Although most dictionaries I have looked these verbs up in define them in very much the same way,
to belch: emit wind noisily from the stomach through the mouth
to burp: noisily release air from the stomach through the mouth; belch
(Oxford Online Dictionary)
I feel (from the times I have come across these verbs in reading) that there is a difference between these two verbs. Can a native speaker of English confirm or infirm, and, of course, should they confirm, refine these definitions, although there is nothing refined about it all!
is an older word.
Old English bealcan “bring up wind from the stomach,” also “swell, heave,” of echoic origin (compare Dutch balken “to bray, shout”). Extended to volcanoes, cannons, etc. 1570s. Related: Belched; belching. As a noun, “an act of belching,” it is recorded from 1510s; also slang for “poor beer, malt liquor” (1706).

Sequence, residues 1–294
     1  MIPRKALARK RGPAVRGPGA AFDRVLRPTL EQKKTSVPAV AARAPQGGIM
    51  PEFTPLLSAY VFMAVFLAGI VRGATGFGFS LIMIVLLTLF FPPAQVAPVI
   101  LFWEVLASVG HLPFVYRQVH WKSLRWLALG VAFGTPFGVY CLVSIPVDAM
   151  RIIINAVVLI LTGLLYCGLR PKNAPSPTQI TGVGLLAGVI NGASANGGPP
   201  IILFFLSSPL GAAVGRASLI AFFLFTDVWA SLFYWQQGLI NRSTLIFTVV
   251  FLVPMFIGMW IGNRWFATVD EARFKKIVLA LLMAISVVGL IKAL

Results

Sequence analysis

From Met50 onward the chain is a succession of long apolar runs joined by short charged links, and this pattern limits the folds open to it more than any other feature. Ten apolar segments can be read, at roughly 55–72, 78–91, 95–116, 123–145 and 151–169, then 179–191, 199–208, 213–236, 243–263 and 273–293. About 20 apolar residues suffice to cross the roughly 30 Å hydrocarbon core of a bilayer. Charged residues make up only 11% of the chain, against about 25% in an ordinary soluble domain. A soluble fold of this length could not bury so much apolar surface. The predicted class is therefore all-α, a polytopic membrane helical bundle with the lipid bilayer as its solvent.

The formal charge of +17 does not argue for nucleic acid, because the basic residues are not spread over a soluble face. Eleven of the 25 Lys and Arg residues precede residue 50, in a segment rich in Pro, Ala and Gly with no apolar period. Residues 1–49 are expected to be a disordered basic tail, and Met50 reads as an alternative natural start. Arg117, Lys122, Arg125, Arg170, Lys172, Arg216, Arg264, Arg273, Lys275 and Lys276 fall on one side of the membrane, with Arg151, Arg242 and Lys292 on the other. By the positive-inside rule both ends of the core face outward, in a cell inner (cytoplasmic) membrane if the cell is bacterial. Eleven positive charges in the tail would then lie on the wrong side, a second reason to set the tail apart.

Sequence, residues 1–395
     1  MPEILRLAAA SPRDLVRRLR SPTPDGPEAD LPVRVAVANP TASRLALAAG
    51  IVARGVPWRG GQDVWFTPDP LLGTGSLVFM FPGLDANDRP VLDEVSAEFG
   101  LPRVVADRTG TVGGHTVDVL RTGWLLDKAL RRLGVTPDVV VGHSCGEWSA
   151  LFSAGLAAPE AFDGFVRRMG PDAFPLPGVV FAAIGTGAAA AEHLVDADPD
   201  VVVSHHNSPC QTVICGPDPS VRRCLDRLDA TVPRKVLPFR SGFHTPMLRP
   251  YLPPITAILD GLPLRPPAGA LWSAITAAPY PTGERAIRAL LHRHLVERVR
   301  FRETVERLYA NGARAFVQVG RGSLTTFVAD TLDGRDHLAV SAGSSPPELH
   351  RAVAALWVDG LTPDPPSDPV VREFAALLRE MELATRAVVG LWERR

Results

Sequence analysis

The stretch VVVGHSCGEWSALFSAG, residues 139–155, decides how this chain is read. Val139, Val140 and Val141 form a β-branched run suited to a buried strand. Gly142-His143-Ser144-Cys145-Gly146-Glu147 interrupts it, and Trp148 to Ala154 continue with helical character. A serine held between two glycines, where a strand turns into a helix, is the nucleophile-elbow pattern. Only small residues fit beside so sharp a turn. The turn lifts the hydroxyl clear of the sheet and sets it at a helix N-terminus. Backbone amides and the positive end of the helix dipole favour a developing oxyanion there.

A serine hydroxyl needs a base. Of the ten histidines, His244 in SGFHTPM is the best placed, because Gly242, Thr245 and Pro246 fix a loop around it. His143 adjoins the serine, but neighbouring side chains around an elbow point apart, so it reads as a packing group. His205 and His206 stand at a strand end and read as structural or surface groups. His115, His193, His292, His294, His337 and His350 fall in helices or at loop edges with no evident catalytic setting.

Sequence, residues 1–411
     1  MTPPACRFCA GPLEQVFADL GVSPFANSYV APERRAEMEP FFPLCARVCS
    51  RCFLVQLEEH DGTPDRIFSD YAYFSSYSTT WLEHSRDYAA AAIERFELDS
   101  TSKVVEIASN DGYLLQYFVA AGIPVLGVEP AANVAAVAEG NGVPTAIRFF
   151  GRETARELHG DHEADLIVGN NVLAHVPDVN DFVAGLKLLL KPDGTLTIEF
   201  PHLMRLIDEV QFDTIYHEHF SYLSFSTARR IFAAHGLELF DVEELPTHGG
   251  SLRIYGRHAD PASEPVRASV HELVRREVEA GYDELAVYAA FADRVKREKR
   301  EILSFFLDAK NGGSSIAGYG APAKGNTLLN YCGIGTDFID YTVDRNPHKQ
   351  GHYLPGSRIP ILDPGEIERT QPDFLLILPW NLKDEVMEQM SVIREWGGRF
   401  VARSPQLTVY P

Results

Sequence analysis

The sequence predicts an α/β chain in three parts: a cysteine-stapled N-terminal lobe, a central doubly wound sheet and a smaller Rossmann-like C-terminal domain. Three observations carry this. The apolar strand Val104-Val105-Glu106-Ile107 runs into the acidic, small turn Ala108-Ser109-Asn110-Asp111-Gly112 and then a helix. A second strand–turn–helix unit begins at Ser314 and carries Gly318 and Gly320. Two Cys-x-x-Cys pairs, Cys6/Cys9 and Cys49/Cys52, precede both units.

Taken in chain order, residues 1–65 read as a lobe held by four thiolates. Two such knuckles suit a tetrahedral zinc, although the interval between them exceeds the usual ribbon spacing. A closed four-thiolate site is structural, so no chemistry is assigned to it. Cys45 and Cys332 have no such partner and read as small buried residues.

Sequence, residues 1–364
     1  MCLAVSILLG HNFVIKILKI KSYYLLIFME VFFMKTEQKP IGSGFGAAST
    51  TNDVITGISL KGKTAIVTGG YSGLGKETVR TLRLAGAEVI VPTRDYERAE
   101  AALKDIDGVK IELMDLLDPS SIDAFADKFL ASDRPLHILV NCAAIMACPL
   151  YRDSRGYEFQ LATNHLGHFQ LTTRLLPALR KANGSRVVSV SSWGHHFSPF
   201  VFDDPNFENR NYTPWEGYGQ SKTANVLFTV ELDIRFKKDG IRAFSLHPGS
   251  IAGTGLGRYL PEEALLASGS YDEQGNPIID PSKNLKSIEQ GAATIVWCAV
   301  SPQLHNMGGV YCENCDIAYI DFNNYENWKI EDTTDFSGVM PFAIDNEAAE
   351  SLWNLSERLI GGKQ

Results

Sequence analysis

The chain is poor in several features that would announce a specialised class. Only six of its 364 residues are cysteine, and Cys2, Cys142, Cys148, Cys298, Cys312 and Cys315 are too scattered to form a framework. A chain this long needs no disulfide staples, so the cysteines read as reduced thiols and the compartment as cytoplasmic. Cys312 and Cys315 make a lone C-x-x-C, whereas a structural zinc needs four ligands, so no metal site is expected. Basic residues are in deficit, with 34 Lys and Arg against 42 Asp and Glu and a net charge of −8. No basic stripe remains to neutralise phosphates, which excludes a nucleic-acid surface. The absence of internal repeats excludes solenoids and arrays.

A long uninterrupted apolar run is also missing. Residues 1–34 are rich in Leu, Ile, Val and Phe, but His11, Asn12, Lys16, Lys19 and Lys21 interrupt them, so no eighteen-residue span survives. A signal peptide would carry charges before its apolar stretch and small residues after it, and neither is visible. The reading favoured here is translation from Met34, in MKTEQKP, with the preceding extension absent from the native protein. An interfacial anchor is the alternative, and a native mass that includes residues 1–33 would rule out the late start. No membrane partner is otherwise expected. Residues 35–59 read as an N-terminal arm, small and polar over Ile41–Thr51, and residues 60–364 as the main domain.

Burp is more recent
1932, noun and verb, American English, apparently imitative. The transitive sense of the verb is attested by 1940. Related: Burped; burping. Burp-gun attested from 1945.
An older word from the Latin is probably…
“belching,” 1530s, from Latin eructationem (nominative eructatio) “a belching forth,” noun of action from past participle stem of eructare “to belch forth, vomit,” from assimilated form of ex “out” (see ex-) + ructare “to belch,” from PIE *reug- “to belch”
As I said in a comment, “belch” is probably related to beer, and its consumption. Most native speakers would relate “belch” to a louder and more vulgar description.